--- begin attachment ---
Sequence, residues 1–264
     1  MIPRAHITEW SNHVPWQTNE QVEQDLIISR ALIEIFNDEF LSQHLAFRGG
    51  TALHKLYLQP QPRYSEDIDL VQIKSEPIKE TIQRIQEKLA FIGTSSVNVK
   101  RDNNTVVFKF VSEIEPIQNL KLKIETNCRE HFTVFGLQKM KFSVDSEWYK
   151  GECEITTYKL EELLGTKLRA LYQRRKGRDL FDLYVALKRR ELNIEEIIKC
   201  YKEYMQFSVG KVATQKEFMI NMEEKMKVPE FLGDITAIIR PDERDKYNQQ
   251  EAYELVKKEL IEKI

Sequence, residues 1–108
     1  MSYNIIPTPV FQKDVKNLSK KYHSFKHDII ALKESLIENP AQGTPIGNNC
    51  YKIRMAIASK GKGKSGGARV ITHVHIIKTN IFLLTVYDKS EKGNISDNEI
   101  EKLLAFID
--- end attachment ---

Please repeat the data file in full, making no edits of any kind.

Sequence, residues 1–264
     1  MIPRAHITEW SNHVPWQTNE QVEQDLIISR ALIEIFNDEF LSQHLAFRGG
    51  TALHKLYLQP QPRYSEDIDL VQIKSEPIKE TIQRIQEKLA FIGTSSVNVK
   101  RDNNTVVFKF VSEIEPIQNL KLKIETNCRE HFTVFGLQKM KFSVDSEWYK
   151  GECEITTYKL EELLGTKLRA LYQRRKGRDL FDLYVALKRR ELNIEEIIKC
   201  YKEYMQFSVG KVATQKEFMI NMEEKMKVPE FLGDITAIIR PDERDKYNQQ
   251  EAYELVKKEL IEKI

Sequence, residues 1–108
     1  MSYNIIPTPV FQKDVKNLSK KYHSFKHDII ALKESLIENP AQGTPIGNNC
    51  YKIRMAIASK GKGKSGGARV ITHVHIIKTN IFLLTVYDKS EKGNISDNEI
   101  EKLLAFID